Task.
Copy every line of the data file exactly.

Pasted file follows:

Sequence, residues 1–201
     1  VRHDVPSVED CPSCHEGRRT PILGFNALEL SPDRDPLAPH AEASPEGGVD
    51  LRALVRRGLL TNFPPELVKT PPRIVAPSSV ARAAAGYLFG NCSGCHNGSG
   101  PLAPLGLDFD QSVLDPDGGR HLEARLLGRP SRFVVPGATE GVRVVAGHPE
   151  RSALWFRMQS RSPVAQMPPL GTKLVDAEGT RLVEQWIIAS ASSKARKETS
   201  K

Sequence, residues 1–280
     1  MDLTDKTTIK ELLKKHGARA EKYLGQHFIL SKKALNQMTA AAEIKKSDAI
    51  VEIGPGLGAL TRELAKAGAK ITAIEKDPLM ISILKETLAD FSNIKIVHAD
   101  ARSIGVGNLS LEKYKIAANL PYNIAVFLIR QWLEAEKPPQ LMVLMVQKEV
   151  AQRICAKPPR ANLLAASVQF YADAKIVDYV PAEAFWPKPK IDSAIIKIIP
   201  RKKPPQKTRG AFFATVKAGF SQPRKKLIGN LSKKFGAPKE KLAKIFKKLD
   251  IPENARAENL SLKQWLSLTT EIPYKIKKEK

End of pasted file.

Sequence, residues 1–201
     1  VRHDVPSVED CPSCHEGRRT PILGFNALEL SPDRDPLAPH AEASPEGGVD
    51  LRALVRRGLL TNFPPELVKT PPRIVAPSSV ARAAAGYLFG NCSGCHNGSG
   101  PLAPLGLDFD QSVLDPDGGR HLEARLLGRP SRFVVPGATE GVRVVAGHPE
   151  RSALWFRMQS RSPVAQMPPL GTKLVDAEGT RLVEQWIIAS ASSKARKETS
   201  K

Sequence, residues 1–280
     1  MDLTDKTTIK ELLKKHGARA EKYLGQHFIL SKKALNQMTA AAEIKKSDAI
    51  VEIGPGLGAL TRELAKAGAK ITAIEKDPLM ISILKETLAD FSNIKIVHAD
   101  ARSIGVGNLS LEKYKIAANL PYNIAVFLIR QWLEAEKPPQ LMVLMVQKEV
   151  AQRICAKPPR ANLLAASVQF YADAKIVDYV PAEAFWPKPK IDSAIIKIIP
   201  RKKPPQKTRG AFFATVKAGF SQPRKKLIGN LSKKFGAPKE KLAKIFKKLD
   251  IPENARAENL SLKQWLSLTT EIPYKIKKEK